• Race to a Cure Authors

The Science Behind Psychopathy Disorder

What Is Psychopathy?

Psychopathy is an antisocial personality disorder where someone manifests extreme amoral behaviour. Psychopathy is considered a controversial idea in psychology. It does not appear in the Diagnostic and Statistical Manual of Mental Disorders V (DSM-V) as a diagnosis. It is only a term used to describe those with an antisocial personality disorder. The disorder is characterized by the absence of empathy, manipulation, pathological lying, and impulsivity. Many psychopaths appear normal and charming on the surface but lack any semblance of conscience deep down. Those diagnosed find it difficult to form an emotional attachment to others. Psychopaths are often (but not always) involved in criminal activity. Psychopathy exists among all cultures and ethnic groups. According to some estimates, it is found in around one percent of males and 0.3-0.7 percent of females.

No case of psychopathy is the same. The disorder can be considered on a spectrum, and it is diagnosed using the 20-item Hare Psychopathy Checklist according to PsychologyToday. The checklist assigns a three-point scale to psychopathic traits, such as superficial charm, proneness to boredom, lack of remorse, poor behavioural controls, and promiscuous sexual behaviour. The higher the number, the more severe the case of clinical psychopathy is.

Psychopathy vs Sociopathy

Both psychopathy and sociopathy are antisocial personality disorders, as stated by mha-em. The difference between psychopaths and sociopaths is that psychopaths do not have a conscience. A sociopath has a weak conscience, aware of what is right or wrong, but it does not stop their actions. Both lack empathy, but a psychopath has even less regard for others. Another key difference is that psychopaths will pretend to care and mimic emotions, while sociopaths are not afraid to show they do not care.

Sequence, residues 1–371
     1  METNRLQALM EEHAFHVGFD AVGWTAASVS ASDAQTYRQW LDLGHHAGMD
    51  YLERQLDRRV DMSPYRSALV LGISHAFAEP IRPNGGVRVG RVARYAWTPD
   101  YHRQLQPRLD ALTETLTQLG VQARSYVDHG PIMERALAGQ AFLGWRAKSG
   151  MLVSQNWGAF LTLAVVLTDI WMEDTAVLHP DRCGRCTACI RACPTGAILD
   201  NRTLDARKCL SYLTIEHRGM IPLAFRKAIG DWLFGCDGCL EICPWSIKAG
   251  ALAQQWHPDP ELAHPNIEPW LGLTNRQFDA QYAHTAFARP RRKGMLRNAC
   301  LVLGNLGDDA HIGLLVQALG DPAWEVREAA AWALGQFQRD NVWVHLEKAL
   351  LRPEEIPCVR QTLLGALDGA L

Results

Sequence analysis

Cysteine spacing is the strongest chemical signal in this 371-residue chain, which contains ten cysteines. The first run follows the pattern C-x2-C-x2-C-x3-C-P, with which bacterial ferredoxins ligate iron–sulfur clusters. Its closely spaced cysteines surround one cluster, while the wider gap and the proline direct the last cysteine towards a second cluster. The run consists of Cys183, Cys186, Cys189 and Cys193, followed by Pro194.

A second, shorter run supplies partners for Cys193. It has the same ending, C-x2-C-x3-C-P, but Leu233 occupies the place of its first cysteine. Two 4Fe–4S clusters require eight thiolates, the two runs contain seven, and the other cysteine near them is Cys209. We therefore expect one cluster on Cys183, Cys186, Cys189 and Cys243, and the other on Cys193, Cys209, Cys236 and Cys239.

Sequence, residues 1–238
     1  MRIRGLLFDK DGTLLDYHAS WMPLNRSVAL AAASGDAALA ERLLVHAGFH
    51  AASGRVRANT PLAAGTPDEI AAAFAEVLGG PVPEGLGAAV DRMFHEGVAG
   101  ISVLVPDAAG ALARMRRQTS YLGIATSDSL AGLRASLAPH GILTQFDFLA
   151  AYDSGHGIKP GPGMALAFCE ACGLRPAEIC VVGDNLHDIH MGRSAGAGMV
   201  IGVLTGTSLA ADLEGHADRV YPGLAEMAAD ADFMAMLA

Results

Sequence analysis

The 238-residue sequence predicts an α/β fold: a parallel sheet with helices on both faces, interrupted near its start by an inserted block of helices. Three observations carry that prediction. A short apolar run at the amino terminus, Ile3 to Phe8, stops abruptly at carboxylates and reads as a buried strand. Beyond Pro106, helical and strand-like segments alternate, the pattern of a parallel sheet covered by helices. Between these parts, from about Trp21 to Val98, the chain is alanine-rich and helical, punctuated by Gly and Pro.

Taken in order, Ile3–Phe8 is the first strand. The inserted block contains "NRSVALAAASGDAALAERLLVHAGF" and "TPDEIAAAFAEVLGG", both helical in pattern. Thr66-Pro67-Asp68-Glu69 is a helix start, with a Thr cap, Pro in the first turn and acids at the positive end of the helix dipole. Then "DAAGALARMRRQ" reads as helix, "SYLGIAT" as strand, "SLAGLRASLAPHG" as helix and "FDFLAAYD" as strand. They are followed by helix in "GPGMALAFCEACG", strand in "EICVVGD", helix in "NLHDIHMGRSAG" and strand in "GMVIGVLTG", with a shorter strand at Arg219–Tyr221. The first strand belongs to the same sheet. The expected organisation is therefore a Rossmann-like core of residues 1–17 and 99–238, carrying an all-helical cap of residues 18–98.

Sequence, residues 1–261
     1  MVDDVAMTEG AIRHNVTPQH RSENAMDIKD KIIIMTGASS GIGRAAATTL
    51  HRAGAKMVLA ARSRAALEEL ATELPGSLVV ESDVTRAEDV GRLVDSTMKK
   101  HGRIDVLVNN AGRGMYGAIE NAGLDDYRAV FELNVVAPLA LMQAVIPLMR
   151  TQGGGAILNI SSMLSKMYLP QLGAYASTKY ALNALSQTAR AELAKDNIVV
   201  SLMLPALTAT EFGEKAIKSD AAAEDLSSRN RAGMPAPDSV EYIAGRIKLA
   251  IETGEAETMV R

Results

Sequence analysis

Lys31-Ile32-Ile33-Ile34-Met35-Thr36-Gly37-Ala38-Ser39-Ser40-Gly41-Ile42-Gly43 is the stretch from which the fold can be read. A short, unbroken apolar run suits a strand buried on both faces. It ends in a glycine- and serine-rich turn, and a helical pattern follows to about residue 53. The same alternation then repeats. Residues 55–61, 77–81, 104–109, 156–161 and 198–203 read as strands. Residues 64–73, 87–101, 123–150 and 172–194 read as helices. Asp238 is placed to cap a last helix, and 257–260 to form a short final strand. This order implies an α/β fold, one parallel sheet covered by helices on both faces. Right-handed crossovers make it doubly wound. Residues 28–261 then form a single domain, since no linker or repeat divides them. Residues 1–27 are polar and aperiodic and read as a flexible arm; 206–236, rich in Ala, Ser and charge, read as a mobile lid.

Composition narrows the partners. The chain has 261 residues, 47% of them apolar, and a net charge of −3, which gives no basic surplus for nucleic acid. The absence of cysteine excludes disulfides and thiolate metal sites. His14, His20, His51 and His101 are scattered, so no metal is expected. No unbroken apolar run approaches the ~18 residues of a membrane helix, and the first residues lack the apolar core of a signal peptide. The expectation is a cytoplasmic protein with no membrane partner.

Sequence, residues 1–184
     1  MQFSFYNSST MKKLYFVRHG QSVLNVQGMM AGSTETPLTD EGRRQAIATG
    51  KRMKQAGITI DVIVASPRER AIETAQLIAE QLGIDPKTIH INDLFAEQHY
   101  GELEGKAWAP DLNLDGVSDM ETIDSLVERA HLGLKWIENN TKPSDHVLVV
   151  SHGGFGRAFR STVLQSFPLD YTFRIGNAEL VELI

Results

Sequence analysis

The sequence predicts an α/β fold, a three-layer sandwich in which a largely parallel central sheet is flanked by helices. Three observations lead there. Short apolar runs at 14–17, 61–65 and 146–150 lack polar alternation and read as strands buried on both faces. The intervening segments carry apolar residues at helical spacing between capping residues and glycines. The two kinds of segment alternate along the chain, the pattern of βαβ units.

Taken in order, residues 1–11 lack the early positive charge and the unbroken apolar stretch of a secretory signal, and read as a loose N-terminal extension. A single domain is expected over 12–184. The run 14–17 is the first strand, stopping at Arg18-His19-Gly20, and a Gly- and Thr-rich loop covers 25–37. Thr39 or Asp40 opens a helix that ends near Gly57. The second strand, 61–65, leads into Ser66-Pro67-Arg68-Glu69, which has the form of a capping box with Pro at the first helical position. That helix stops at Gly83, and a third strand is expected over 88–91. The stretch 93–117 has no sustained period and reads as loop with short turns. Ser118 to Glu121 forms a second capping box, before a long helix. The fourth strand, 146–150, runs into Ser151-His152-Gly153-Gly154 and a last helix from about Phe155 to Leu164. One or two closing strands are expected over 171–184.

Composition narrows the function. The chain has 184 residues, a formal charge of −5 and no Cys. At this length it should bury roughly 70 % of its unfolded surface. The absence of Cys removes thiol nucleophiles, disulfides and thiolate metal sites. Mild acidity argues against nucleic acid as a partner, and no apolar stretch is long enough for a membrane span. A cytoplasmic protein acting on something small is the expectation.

Difference between psychopathy and sociopathy (magellantv.com).

When Does Psychopathy Start?

Psychopathy is influenced heavily by genetics but can be affected by environmental components as well. Someone may begin exhibiting signs of psychopathy as early as childhood (below ten years old). These signs are called “callous-unemotional traits” and are characterized by a lack of empathy, lack of guilt, and shallow emotions. These children are also more likely to display signs such as bullying and aggression and are less responsive to socially rewarding measures. However, children with psychopathic traits do not necessarily become adult psychopaths.

The Neurology Behind Psychopathy

While more research needs to be conducted on this subject, scientists have already begun to predict the biological cause of psychopathy. Several studies suggest that in psychopathic brains, the neural basis for empathy is faulty or lacking altogether. In a study conducted by researchers at the Center for Non-Invasive Brain Stimulation at the Harvard Medical School, the mirror neuron system was tested for its correlation to psychopathy disorder, according to ScienceDirect. A mirror neuron system is a group of specialized neurons that “mirrors” the actions and behaviours of others. These neurons activate when an individual executes an action, and they observe the same or similar activities performed by someone else. From the study, the researchers observed that psychopaths might have an impaired mirror neuron system.